Association of Community Theatre
Rochdale Musical Theatre Company
Director: Josh Hindle
Musical Director: Lisa Manley
Choreography / movement Josh Hindle
The 1990s witnessed such a change in our attitudes and the way we lived that a new society was beginning to evolve. There was no more living “a secret life”. This metamorphosis, however, was hindered by the HIV/AIDS epidemic. Like the musical “Hair”, “Rent” has so much to say on behalf of those struggling individuals who just want to be taken for who and what they are. The show’s message that you should “live each day as your last, live every moment and take nothing for granted” is as relevant today as it was then.
This show portrays members of the Bohemian society living in, and around, New York’s East Village, a group of impoverished young artists struggling to survive and create a life. The multi-purpose scaffold set added to the rough, edgy rawness of the lives of the characters. James Lyon’s lighting, and Glenn Knight’s sound designs, introduced an extra element into this gritty production.
The direction captured the cultural community of artists with drugs, H.I.V., and homelessness issues. All the choreography and movement was so clean and had such uniformity punctuating the vocal line. The story is loosely based on Puccini’s “La Bohème,” an opera based on broken romances and death. There is more than a nod and a wink to the Italian composer woven into the piece. Jonathan Larson’s score in this prediction was so well interpreted and the cast delivered vocal magic. There was so much tenderness in the score, not something you would normally associate with a rock musical.
The story covers twelve months, or 525,600 minutes, of the character’s lives. There was not a weak link in the casting. The storyline of the show is narrated and recorded through the camera lens of aspiring film maker, Mark Cohen, effectively portrayed by Elliott O’Brart.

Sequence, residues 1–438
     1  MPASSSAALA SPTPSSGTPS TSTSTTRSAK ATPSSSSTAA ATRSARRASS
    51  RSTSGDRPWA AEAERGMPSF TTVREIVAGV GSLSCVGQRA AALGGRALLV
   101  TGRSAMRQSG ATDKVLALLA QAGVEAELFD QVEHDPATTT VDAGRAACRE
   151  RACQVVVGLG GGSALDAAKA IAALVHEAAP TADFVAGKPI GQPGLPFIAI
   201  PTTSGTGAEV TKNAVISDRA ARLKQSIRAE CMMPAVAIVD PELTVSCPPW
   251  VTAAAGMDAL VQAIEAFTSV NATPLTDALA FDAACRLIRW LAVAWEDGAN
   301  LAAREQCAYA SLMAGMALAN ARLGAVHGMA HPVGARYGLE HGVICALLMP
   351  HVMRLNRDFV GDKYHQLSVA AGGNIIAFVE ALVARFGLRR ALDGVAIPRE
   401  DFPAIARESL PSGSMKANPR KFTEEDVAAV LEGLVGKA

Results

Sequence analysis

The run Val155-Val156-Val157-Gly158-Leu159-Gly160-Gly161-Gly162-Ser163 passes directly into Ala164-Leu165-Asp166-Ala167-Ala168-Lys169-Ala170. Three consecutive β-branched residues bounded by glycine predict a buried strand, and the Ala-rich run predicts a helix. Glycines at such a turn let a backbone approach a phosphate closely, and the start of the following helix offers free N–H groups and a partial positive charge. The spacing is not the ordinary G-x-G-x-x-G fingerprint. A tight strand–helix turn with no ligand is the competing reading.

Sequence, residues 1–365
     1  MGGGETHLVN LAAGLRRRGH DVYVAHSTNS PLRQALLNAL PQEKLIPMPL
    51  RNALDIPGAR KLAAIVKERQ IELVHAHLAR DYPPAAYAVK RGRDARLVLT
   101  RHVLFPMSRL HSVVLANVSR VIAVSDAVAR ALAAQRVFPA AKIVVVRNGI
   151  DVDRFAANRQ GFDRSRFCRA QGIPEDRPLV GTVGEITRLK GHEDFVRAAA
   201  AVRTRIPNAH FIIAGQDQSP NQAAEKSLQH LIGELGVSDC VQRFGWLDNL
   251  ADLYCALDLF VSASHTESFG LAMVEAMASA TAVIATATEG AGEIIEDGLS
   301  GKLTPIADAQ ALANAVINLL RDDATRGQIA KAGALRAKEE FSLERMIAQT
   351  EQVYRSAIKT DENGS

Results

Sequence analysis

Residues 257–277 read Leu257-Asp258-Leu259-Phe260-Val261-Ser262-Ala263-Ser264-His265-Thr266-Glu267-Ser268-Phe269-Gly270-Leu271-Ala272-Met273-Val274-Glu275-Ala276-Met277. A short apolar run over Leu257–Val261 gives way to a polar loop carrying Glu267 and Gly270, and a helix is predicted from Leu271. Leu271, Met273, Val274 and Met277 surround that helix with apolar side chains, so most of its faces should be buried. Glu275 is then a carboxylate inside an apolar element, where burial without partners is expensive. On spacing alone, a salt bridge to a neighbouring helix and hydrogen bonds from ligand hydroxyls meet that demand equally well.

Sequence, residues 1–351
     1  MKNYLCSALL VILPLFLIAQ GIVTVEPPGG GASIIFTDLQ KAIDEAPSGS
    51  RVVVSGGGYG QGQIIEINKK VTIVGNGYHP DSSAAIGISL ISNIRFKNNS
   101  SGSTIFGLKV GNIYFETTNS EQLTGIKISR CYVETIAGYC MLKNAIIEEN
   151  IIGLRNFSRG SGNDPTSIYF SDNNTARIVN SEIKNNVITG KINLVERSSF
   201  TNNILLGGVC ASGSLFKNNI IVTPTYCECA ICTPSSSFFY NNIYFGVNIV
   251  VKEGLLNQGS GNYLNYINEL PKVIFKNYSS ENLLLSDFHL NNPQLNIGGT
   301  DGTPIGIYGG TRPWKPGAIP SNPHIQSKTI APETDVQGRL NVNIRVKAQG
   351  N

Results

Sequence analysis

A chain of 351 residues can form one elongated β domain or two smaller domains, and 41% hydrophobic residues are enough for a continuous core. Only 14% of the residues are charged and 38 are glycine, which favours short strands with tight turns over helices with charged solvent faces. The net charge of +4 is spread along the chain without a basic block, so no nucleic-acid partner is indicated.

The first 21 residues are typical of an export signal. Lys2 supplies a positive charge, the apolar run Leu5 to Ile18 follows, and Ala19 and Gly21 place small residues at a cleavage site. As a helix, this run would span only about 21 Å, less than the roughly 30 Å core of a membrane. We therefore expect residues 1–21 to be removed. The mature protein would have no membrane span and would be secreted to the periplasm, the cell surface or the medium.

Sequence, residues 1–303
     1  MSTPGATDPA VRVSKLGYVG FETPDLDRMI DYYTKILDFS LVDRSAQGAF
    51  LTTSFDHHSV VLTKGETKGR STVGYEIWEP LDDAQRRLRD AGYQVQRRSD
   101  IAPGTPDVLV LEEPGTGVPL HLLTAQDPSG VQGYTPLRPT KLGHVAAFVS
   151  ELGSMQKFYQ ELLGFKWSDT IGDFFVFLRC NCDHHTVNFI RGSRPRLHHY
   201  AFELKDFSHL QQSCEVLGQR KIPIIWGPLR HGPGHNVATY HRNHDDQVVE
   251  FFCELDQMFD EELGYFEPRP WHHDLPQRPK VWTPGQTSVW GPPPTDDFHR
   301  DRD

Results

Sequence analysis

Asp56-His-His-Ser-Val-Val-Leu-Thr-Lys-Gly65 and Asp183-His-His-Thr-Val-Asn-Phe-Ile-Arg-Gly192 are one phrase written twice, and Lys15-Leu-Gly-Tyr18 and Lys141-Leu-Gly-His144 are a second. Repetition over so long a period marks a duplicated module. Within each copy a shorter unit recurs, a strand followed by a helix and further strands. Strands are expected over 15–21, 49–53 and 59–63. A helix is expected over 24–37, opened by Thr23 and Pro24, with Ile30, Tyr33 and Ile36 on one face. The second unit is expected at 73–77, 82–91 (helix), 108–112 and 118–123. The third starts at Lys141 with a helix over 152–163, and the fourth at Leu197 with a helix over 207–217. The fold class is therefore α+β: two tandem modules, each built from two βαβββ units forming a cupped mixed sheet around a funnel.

The ill-fated romance of Roger, an angry rock songwriter-musician who is HIV positive and a heroin addict, club dancer Mimi, also with HIV, were emotively portrayed by by Zac McIntyre and Helen Claire Rose respectively.
There was so much love displayed between Tom and his drag-queen lover, Angel. Darren Fricker gave such truth to Tom, and Alex Pembers became the nifty, high-kicking street angel. Angel’s death scene was moving and gripped the audience.
The outsider is Benny, once a member of the community but now the landlord of their squat. There was a clear separation between the businessman and former friend captured by Terry Banham.
There is another same-sex relationship between performance artist, Maureen, and her new girlfriend, Joanne. Their volatile relationship, and the grimy glamour of the changing landscape, were realised. Both actresses, Sophie Lord (Maureen) and Kyanna Cronshaw (Joanne) gave stellar performances. The break-up duet, “Take Me or Leave Me” had that ‘wow’ factor.
All the other members of the community were believable giving convincing support especially in the company number “La Vie Bohème”.
This show has been around for 24 years. Its message is a little blunt now, but it still remains a powerful piece of musical theatre.